With changing social ideals and legal protections, younger generations have more freedom in comfortably expressing their true selves. (Photo Credit: Sharon McCutcheon via Unsplash)

Right around the time when rapper DaBaby was deleting his suspect apology to the LGBTQ community for insensitive comments about gay men and HIV/AIDS, the Charlotte City Council was unanimously passing a nondiscrimination ordinance (NDO). That new legislation, which applies to large and small businesses, provides expanded protections for LGBTQ+ people and those who wear natural hairstyles. 

Now, as we look to the future, Diversity, Equity and Inclusion (DEI) discussions are finding their way into our politics, offices, schools, homes and communities. Inclusive rights and a respect for diversity and inclusion are what protect and make visibility possible and a progressive world more feasible. In fact, a recent study on the amount of young people who do not identify as straight or heterosexual might actually be an indicator of the impending change of the progress and progression DEI efforts, like the NDO offer.

The global study was conducted in 27 countries and found that four percent of those in Generation Z (people born between 1997 and 2012) identify as transgender, non-binary, gender-nonconforming or gendefluid. Conducted by Ipsos, a research organization, the survey captured the opinions of a relatively urban group of individuals with internet access. 

The Ipsos survey found that respondents in Generation Z were nearly four times as likely than those over the age of 40 to identify as transgender, non-binary, gender-nonconforming, genderfluid or in another way. 

“They were also the age group most likely to identify as something other than heterosexual,” says Nicolas Boyon, Senior Vice President of Public Affairs at Ipsos, “Overall, nine percent of respondents identified as lesbian, gay, bisexual, pansexual, omnisexual or asexual.”

“For Generation Z, the figure doubles to 18 percent. The patterns that we see in the U.S. are definitely not unique to the [United States],” he continues, “It’s a global phenomenon.” 

Worldwide, 42 percent of those surveyed said they have a gay or lesbian relative, friend or colleague, while 24 percent said they know someone who is bisexual; 10 percent said they known someone who is transgender, and nine percent said they know someone who is non-binary, gender-nonconforming or genderfluid. The likelihood is higher among women than among men in all four groups, and there is wide national variation. In Brazil, for example, 66 percent report having a gay or lesbian relative, friend or colleague, but in Japan and South Korea, the number is only seven percent.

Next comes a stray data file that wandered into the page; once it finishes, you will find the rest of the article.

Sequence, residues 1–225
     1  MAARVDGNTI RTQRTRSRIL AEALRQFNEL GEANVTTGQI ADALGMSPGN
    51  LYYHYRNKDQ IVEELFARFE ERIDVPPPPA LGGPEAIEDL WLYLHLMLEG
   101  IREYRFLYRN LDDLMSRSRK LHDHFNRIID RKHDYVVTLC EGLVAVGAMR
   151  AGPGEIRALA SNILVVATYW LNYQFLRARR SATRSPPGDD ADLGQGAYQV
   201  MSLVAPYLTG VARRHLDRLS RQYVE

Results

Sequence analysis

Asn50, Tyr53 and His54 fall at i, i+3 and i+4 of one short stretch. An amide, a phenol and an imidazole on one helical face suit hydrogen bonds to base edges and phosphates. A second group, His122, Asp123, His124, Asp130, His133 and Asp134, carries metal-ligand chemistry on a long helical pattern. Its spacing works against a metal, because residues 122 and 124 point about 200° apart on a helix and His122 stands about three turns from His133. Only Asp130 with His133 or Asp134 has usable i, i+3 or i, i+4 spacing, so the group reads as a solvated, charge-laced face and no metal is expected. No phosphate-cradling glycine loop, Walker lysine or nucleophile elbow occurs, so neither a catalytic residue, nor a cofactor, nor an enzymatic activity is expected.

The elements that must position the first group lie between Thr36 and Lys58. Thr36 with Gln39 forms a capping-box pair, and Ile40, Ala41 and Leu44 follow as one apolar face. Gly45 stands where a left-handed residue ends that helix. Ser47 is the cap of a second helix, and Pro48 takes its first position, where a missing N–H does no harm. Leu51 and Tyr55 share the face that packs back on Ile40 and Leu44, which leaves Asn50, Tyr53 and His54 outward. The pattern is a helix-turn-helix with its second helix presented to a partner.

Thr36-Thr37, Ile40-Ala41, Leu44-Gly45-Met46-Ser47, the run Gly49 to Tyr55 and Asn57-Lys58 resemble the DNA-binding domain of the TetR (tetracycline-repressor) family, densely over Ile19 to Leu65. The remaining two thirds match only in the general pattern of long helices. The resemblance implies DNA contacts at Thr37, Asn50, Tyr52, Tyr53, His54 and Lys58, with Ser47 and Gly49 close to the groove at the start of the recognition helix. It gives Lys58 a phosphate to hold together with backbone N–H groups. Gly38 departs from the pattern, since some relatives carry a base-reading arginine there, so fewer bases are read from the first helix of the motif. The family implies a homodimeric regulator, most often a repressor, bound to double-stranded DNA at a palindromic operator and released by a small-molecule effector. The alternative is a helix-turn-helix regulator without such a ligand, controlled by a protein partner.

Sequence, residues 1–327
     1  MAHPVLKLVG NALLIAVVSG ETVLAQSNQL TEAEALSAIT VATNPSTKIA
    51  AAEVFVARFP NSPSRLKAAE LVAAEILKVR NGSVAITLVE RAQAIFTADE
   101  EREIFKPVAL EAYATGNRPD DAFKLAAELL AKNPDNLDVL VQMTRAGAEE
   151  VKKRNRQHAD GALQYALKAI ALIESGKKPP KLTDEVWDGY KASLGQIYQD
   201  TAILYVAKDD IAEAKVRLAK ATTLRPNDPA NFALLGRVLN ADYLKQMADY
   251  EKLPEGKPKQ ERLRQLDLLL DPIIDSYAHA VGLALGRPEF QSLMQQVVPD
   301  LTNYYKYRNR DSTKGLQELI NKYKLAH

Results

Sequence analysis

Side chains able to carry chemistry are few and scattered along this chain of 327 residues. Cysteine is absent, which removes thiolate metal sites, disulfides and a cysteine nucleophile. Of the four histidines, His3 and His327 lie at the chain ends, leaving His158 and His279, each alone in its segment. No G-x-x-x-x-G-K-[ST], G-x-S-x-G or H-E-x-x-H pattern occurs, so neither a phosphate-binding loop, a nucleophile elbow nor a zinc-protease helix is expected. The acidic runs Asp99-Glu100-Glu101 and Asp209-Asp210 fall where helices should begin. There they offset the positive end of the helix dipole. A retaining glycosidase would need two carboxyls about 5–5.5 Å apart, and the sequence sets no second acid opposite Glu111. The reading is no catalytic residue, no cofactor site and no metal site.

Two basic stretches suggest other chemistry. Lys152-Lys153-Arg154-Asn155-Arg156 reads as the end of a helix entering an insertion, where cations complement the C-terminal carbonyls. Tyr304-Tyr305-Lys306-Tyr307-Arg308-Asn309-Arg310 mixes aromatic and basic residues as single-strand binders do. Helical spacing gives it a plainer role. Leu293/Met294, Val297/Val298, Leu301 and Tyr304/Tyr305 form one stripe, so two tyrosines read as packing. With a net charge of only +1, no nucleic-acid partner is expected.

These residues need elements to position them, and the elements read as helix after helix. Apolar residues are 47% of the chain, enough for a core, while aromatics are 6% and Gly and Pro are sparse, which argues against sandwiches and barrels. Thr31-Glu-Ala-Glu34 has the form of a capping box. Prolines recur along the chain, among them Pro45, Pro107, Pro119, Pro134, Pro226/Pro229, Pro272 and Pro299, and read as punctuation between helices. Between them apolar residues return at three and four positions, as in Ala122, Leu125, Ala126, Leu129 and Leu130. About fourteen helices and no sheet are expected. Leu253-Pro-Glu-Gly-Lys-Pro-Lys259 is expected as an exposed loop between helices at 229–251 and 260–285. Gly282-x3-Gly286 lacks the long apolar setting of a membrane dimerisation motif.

Closer to home, Leslie Oliver is an out K-8 Charlotte-Mecklenburg Schools art teacher who has seen more than a little of how identity can show up in young people. She’s been teaching for 19 years with most of her professional career spent in Charlotte middle school classrooms.

“10 years ago, even if students were queer or questioning, they would never say it aloud. I could sense it or see it, but they would never dare acknowledge it,” says Oliver, “They would see it in me or other teachers, and the subject was still touch-and-go. 

“I’ve seen students beat up for just suggesting that another student was gay. Especially here in the south. Now students talk about it a bit more openly and more candidly. The bi children are very vocal about it now. More students ask me if I’m married and if I’m married to a woman. They seem to care less about what they [think they] know and who knows [who they are] than they [did] 10 years ago.”  

Though delighted and relieved by the change, Oliver still cautioned that efforts in inclusion and a continued shift in atmosphere, which would make schools in general safe spaces, need to continue. She is grateful for how many more teachers affirm their students’ identities today than did in the past, but acknowledged there is still work to be done. 

“Until all students and teachers can sit in their seats and speak candidly and exist safely,” Oliver explains, “we still have more work to do.” 

In reflecting upon the statistics the Ipsos study yielded, she questions their accuracy. 

“I’ve had the pleasure of teaching trans students who are very clear as to their identity. I’m pretty sure the numbers are greater than that [one in five identifying as non-heterosexual]. I’d say four of six, but because of queer fear I’d say the statistics are probably off. You can’t have the type of ignorance that queer fear breeds and have accurate numbers.”

Accurate or not, one thing is clear, Generation X has raised children and teens who are living in a time that affords them more protection to to be who they are than it afforded earlier generations.

And many of those youth don’t mind letting the world know, either.

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